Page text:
Today, the Supreme Court heard argument in Stop the Beach Renourishment v. Florida Department of Environmental Protection, which is a Fifth Amendment Takings Clause challenge involving beachfront property (that I previously discussed here).
Essentially, Florida’s ”beach renourishment” program created more beach but deprived property owners of the rights they previously had – exclusive access to the water, unobstructed view, full ownership of land up to the “mean high water mark,” etc. That is, the court turned beachfront property into “beachview” property. After the property owners successfully challenged this action, the Florida Supreme Court – “SCOFLA” for those who remember the Bush v. Gore imbroglio – reversed the lower court (and overturned 100 years of common property law), ruling that the state did not owe any compensation, or even a proper eminent domain hearing.
As Cato adjunct scholar and Pacific Legal Foundation senior staff attorney Timothy Sandefur noted in his excellent op-ed on the case in the National Law Journal, “[T]he U.S. Constitution also guarantees every American’s right to due process of law and to protection of private property. If state judges can arbitrarily rewrite a state’s property laws, those guarantees would be meaningless.”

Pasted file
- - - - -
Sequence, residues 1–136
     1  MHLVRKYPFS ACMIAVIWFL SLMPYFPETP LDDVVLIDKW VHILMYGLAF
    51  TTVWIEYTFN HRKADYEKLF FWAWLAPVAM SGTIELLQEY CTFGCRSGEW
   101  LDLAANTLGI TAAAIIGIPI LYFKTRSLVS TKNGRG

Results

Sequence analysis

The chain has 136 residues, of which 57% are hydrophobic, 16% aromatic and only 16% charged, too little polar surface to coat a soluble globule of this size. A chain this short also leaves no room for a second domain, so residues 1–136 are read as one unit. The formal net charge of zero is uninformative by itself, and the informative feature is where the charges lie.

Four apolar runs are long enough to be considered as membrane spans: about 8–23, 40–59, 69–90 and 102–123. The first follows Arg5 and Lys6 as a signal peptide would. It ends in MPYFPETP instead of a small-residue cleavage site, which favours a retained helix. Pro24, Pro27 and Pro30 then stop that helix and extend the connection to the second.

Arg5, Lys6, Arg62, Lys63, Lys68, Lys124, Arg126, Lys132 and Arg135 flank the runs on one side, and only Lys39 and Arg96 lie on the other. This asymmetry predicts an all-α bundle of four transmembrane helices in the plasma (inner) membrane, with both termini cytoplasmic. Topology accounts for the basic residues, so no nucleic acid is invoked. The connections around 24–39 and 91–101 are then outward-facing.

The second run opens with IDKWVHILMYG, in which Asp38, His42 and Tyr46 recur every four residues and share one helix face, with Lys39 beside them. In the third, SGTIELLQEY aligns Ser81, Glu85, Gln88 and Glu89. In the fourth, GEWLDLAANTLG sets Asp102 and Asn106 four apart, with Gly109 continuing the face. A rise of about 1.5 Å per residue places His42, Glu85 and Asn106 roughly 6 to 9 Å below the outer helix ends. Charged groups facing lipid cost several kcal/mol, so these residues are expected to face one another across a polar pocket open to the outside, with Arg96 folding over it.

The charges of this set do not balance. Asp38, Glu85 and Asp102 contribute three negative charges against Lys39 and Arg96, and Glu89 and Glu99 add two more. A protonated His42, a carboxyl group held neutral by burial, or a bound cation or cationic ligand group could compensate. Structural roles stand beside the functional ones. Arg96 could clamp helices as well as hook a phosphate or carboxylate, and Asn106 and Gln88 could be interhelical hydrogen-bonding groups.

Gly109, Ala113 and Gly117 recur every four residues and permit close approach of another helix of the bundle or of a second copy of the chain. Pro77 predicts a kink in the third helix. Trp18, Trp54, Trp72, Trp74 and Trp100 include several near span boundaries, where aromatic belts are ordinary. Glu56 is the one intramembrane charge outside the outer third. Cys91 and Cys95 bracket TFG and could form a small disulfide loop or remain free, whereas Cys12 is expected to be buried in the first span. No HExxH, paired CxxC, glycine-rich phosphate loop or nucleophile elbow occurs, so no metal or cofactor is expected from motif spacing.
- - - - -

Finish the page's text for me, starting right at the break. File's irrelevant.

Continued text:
I sat in on the arguments today and predict that the property owners will suffer a narrow 4-4 defeat. That is, Justice Stevens recused himself – he owns beachfront property in a different part of Florida that is subject to the same renourishment program – and the other eight justices are likely to split evenly. And a tie is a defeat in this case because it means the Court will summarily affirm the decision below without issuing an opinion or setting any precedent.
By my reckoning, Justice Scalia’s questioning lent support to the property owners’ position, as did Chief Justice Roberts’ (though he could rule in favor of the “judicial takings” doctrine in principle but perhaps rule for the government on a procedural technicality here). Justice Alito was fairly quiet but is probably in the same category as the Chief Justice. Justice Thomas was typically silent but can be counted on to support property rights. With Justices Ginsburg, Breyer, and Sotomayor expressing pro-government positions, that leaves Justice Kennedy, unsurprisingly, as the swing vote. Kennedy referred to the case as turning on a close question of state property law, which indicates his likely deference to SCOFLA.
For more analysis of the argument, see SCOTUSblog. Cato filed an amicus brief supporting the land owners here, and earlier this week I recorded a Cato Podcast to that effect. Cato also recently filed a brief urging the Court to hear another case of eminent domain abuse in Florida, 480.00 Acres of Land v. United States.